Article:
What Black History Month Means to Me!



Give me your tired, your poor, Your huddled masses yearning to breathe free, The wretched refuse of your teeming shore. Send these, the homeless, tempest-tossed to me, I lift my lamp beside the golden door!




To this day when I see images of the Statue of Liberty, it produces an emotion of patriotism for this country, my country…the United States of America!   However, today my emotions and my thoughts led me to the question…why does this simple symbol bring up such a  patriotic response to a country that continues to discard my value? My search for the answer takes me back to grade school when I was taught this was a symbol of freedom for all people. I was taught the part of the poem that says “Give me your tired, your poor, your huddled masses yearning to breathe free, “ I was taught that in school so I believed it as the truth and that it included me. My parents always emphasized that education was important and they sent me to school to get that education, so I believed everything those teachers taught me. I now know that they did not teach the truth of the history of this country. They taught snapshots or only part of the history. There was very very little of my history taught in school. They taught about George Washington Carver and a few others. But what I remember most are the lessons about slavery which by some weird twisted way always left me ashamed and embarrassed. I remember the giggles of the white kids… not all white kids but enough to make me fight back tears every time.  I remember that the teacher never addressed those kids laughter unless it was a “quiet down kids” with a smirk on his or her face. For the life of me, I cannot figure out how the descendants of those who gave such an awful disregard of humanity made me, the victim, feel terrible (another issue for another day). The teachers did not teach MY history.  Those books that showed images of the Statue of Liberty did not include the history behind the image. The original image that represents freedom was a Black slave woman and the United States made them change that image.  That was my history those books and teachers systematically omitted!!!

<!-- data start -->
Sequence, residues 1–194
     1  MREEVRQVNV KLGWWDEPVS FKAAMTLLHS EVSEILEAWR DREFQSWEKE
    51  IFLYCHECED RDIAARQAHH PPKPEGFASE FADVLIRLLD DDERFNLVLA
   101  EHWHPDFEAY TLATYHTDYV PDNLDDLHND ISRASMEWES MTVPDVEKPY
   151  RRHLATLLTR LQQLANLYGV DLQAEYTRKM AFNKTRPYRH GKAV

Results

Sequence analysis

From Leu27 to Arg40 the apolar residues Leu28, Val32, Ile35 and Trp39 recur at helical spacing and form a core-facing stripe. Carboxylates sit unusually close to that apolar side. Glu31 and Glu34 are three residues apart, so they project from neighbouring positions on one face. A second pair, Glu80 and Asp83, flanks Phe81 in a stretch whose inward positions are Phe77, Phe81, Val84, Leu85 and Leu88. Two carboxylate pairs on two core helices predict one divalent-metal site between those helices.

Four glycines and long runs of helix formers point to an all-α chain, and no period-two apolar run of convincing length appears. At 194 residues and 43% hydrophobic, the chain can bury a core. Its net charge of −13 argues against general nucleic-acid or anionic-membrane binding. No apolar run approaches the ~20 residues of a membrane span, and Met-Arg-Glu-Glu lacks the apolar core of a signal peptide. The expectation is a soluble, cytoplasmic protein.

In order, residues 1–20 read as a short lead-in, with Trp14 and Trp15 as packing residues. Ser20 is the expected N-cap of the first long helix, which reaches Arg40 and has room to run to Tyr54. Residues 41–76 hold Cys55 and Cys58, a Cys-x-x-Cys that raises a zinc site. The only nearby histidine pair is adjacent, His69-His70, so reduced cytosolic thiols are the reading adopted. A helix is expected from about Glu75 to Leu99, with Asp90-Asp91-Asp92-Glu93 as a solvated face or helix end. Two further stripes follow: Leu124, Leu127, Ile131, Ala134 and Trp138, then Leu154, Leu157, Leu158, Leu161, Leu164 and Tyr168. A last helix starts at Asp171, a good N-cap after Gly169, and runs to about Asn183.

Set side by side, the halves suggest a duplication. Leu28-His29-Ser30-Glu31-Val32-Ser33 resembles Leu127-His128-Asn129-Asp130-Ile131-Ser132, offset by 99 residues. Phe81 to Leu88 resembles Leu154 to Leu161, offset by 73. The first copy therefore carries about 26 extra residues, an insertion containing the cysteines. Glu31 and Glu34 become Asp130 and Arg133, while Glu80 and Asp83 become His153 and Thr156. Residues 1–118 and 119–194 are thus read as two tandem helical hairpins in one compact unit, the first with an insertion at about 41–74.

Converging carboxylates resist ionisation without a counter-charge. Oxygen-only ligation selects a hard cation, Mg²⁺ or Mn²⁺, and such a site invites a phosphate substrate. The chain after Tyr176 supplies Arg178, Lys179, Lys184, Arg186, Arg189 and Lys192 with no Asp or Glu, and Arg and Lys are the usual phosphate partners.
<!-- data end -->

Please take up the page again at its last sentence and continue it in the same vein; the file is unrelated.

This is not a mad rant about how wrong the educators were to lie to me…although it was wrong. It is the simple affirmation as to why Black History month is vitally important to me. It uncovers more and more of my history which has been treated like a dirty secret…never talked about. Black history month makes me pause, think about, and question what I believed to be true from those earlier teachings. It’s a time when I explore my history and learn new things. I feel a responsibility to my ancestors and those generations after me to teach my history…Black history. Today America is far from perfect but this is MY country, so the next time I see the Statue of Liberty or hear the National Anthem I know I will be emotional like usual. However,  this time I’ll understand it is from knowing that not one right that I freely live in today was given to me. Every single right I have as an African American comes from the shed blood of my ancestors. I need to know their names and read about the strength and courage of those who fought and demanded these freedoms I have today…this is why Black History month is so important to me!!!

Now you know I cannot leave without inviting each to join this history making nonprofit…My 10 Counts. Donate $10 today and become a part this philanthropic movement of cash into the community. We must take care of each other, it’s in our DNA!!

Joanne Reed

“I’m no longer accepting the things I cannot change, I’m changing the things I cannot accept.”         Angela Davis

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